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Oil Up, Hits 7-Year High Over Fears of Russian Attack on Ukraine

By Gina Lee – Oil was up on Monday morning in Asia, hitting a more-than-seven-year high over concerns that Russia could invade Ukraine. An invasion could trigger U.S. and European sanctions, disrupting Russian exports in a market that is already tight.

Brent oil futures rose 1.22% to $95.59 by 10:57 PM ET (3:57 AM GMT), after earlier hitting $96.16, the highest since October 2014. WTI futures jumped 1.42% to $94.42, remaining near a session-high of $94.94, the highest since September 2014.

The U.S. warned on Sunday that Russia could invade Ukraine at any time and could create a surprise pretext for an attack, comments that have rattled global financial markets.

“If… troop movement happens, Brent crude won’t have any trouble rallying above the $100 level. Oil prices will remain extremely volatile and sensitive to incremental updates regarding the Ukraine situation,” OANDA analyst Edward Moya said in a note.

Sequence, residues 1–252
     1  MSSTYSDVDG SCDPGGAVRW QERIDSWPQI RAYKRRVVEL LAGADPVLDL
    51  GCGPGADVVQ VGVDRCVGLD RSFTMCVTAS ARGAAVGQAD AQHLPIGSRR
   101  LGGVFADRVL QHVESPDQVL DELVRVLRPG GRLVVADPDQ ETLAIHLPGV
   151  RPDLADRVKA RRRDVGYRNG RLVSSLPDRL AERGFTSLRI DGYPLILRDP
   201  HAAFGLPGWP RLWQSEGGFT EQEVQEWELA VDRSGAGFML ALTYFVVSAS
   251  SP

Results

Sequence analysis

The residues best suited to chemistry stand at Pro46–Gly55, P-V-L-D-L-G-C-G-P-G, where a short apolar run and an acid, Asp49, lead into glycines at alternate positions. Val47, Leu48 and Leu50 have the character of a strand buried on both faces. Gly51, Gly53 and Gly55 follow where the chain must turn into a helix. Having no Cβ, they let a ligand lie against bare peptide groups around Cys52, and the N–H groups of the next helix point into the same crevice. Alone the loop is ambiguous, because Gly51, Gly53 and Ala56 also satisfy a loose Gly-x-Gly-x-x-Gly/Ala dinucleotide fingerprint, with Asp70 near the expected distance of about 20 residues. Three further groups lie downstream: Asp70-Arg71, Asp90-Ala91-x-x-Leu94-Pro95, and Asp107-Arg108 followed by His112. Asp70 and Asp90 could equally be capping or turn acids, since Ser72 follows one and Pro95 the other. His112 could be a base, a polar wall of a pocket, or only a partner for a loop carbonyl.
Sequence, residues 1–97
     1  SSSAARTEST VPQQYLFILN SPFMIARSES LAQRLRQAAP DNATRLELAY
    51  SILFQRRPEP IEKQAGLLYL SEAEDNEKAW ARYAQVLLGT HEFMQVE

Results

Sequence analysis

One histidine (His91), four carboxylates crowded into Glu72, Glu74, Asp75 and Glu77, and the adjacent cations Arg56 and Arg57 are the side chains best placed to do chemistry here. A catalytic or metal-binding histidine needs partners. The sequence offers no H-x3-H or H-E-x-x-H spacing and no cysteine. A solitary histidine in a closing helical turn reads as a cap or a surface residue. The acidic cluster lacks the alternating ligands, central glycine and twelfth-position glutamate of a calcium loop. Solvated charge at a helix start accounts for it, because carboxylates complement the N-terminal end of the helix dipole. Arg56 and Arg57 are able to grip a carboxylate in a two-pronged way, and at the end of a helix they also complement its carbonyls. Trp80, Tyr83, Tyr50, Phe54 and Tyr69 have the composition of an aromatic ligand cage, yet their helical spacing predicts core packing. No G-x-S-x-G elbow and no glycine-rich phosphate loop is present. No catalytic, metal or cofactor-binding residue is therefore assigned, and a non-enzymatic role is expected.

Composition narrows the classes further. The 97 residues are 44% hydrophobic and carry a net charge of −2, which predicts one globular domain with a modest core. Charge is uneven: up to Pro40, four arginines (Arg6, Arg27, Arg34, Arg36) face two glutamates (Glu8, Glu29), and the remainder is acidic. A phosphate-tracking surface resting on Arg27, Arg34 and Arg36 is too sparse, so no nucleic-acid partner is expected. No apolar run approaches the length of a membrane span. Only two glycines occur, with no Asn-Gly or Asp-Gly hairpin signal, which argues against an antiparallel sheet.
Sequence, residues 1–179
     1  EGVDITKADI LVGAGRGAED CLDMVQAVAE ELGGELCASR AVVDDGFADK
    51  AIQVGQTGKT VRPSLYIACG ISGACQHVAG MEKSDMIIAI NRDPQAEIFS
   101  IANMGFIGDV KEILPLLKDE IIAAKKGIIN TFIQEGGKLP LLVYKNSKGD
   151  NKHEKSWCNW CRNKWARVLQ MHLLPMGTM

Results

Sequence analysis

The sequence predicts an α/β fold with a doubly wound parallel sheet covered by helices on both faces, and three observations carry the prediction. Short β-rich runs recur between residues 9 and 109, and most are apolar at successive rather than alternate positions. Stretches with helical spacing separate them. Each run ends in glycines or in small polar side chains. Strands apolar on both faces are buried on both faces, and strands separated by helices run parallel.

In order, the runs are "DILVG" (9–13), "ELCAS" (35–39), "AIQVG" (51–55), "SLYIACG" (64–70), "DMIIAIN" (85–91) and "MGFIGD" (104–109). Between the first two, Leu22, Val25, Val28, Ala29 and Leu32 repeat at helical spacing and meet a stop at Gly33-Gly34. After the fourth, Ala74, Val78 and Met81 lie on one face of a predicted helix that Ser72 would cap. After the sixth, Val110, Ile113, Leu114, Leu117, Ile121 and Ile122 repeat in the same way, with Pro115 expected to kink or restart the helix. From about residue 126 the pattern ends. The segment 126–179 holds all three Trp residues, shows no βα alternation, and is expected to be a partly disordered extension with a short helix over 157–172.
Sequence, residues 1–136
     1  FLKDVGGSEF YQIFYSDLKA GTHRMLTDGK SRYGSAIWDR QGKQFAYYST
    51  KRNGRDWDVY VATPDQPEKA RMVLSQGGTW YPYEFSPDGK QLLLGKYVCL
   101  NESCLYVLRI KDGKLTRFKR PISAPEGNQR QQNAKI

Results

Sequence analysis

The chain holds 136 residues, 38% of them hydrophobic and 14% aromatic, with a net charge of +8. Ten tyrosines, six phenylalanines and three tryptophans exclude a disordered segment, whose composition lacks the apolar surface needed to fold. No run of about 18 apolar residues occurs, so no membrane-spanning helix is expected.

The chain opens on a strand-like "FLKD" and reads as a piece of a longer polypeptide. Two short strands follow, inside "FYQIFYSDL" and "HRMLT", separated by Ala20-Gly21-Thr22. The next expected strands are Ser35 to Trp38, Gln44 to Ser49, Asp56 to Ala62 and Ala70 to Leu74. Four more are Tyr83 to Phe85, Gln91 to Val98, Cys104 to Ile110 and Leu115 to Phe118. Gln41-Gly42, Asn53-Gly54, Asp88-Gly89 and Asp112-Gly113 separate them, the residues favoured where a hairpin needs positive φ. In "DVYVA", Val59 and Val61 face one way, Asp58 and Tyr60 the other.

These tensions come amid the Organization of the Petroleum Exporting Countries and allies’ (OPEC+) struggle to meet its production goals. The cartel has pledged to increase production by 400,000 barrels per day (bpd) until March 2022.

The International Energy Agency said the gap between OPEC+ output and its target widened to 900,000 bpd in January 2022, while the gap for OPEC alone was at 1.2 million bpd, according to JP Morgan. “We note signs of strain across the group: seven members of OPEC-10 failed to meet quota increases in the month, with the largest shortfall exhibited by Iraq,” JP Morgan analysts said in a Feb. 11 note.

A super-cycle is in full swing with “oil prices likely to overshoot to $125 a barrel on widening spare capacity risk premium”, the note added.

Investors are also monitoring talks between the U.S. and Iran to revive a 2015 nuclear deal, which could potentially add Iranian supply to the global market. However, a senior Iranian security official warned on Monday that progress in talks was becoming “more difficult”.


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